25     25        16.2.8 low high high high high  low
26     26         9.2.1 low high  low  low  low high
27     27        13.2.5 low high high  low  low  low
28     28        10.2.2 low high  low  low high  low
29     29        12.2.4 low high  low high high high
30     30        11.2.3 low high  low high  low  low
31     31        15.2.7 low high high high  low high
32     32        14.2.6 low high high  low high high
class=design, type= FrF2.splitplot 


FrF2(nruns = NULL, nfactors = 6, factor.names = c("T", 
    "rH", "p", "H2", "CO", "C2H4"), 
    default.levels = c("low", "high"), resolution = 6, 
    randomize = TRUE)

Experimental design of type  FrF2 
32  runs

Factor settings (scale ends):
     T   rH    p   H2   CO C2H4
1  low  low  low  low  low  low
2 high high high high high high

Design generating information:
$legend
[1] A=T    B=rH   C=p    D=H2   E=CO   F=C2H4

$generators
[1] F=ABCDE


Alias structure:
[[1]]
[1] no aliasing among main effects and 2fis


The design itself:
      T   rH    p   H2   CO C2H4
1   low  low  low high high  low
2   low  low high high  low  low
3  high  low  low high  low  low
4  high  low high high  low high
5   low  low high  low high  low
6  high high  low high high  low
7  high  low  low  low  low high
8  high  low  low  low high  low
9  high  low high  low high high
10  low high  low high high high
11  low  low  low  low high high
12  low high high  low  low  low
13  low  low  low high  low high
14 high high  low  low  low  low
15 high high high high  low  low
16 high  low  low high high high
17 high  low high  low  low  low
18  low  low  low  low  low  low
19  low high  low high  low  low
20  low high  low  low  low high
21  low high high  low high high
22  low  low high high high high
23  low high  low  low high  low
24 high high high high high high
25 high high high  low high  low
26  low  low high  low  low high
27  low high high high high  low
28 high high  low high  low high
29 high  low high high high  low
30 high high  low  low high high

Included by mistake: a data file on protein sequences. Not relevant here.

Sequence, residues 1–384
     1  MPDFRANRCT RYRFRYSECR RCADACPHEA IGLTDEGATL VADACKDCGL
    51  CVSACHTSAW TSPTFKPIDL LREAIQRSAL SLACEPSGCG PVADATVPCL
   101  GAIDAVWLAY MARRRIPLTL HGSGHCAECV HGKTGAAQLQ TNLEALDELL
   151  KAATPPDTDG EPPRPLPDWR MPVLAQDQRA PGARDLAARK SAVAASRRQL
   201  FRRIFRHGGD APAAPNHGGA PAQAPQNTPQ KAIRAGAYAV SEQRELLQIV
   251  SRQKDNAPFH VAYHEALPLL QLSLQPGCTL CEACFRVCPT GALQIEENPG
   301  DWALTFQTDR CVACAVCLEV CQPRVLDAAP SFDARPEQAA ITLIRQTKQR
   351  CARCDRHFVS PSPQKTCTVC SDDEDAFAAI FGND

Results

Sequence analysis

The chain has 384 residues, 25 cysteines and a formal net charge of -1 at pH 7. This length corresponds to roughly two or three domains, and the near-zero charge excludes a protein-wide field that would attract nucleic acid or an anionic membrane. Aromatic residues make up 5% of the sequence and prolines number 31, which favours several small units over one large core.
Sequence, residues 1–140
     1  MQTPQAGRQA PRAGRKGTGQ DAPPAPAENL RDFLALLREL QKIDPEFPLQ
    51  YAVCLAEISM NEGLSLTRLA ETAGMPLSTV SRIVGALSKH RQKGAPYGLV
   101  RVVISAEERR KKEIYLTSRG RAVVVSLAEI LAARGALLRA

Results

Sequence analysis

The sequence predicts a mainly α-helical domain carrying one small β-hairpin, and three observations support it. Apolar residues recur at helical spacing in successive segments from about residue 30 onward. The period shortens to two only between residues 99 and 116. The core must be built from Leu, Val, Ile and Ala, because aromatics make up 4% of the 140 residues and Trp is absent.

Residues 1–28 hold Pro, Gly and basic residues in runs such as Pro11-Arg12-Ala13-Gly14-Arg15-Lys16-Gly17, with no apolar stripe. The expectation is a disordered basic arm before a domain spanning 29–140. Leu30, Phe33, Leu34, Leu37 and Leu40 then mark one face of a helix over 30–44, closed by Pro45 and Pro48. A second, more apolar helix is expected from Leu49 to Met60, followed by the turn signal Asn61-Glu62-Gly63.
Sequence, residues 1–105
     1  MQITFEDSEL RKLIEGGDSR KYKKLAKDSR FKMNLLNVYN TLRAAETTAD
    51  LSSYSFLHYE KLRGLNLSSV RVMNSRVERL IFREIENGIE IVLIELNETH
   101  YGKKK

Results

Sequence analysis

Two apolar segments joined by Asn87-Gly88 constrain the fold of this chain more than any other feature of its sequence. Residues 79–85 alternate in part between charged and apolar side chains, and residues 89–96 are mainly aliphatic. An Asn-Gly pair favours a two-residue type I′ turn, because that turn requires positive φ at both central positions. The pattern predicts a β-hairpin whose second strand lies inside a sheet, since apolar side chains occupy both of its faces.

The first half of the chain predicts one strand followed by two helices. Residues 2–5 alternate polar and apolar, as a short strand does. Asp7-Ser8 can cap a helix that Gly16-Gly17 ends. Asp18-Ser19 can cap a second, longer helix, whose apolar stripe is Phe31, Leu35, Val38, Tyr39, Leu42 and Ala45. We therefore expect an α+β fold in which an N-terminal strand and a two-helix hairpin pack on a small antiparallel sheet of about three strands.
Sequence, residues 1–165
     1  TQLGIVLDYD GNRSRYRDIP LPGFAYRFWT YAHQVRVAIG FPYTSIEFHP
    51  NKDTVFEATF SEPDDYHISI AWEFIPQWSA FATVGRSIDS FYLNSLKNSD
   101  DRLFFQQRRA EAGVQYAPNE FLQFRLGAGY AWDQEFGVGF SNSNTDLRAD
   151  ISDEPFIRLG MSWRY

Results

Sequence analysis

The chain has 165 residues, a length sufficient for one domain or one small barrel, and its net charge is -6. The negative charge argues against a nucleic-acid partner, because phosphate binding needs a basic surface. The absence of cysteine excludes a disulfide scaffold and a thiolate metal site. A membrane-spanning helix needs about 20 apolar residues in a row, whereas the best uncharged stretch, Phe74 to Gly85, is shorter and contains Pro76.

31 high high high  low  low high
32  low high high high  low high
class=design, type= FrF2 

Experimental background: The gases H2, CO and C2H4 are of interest. As I am also (somehow) used to mixed models, I would like to use a lmm to analyze the results. Of interest is, of course, how T, rH and p affect the gas injection wrt to the sensor (which means how the gas changes its resistance). The sensors are housed and the parameters like T, rh and p can be controlled through several settings. The gases will be injected manually into the system.

I already begin to think about constructing the final relationship for it:

R_gas = [R_{H2}, R_{CO}, R_{C2H4}]

lmer(R_gas ~ T + rH + p + (1|Sensor), df)

Finally, I would like to know, basically everything I can drag out of this experiment. But of main interest is how the sensor just reacts to the gases due to the applied parameters. In total, about 20-30 sensors will be examined in parallel. R's lmer cheat sheet is quite useful yet I don't know how to apply it to my purpose.

edit: A better description about the sensor and the gases: The sensor has a resistance and its value R_gas changes (decreases) with the presence of any of these gases. So in principal it should be R_H2, R_{CO}, R_{C2H4}. Sensor would then probably be the serial number or any other ID to identify the sensors individually.

edit edit: Goals of the experiment are:

  • Study variances/differences within the sensors

  • Study the response of the sensors in general (mean value..?)

  • Does pressure have any influence on the response?

  • Do the gases affect each other? Means, will the presence of a gas affect the detection of another gas?

Further goals which I think should be addressed in another experiment but maybe it is doable though?

  • Determine optimal working point of the sensors

  • Examine repeatability (will the sensors show the same response)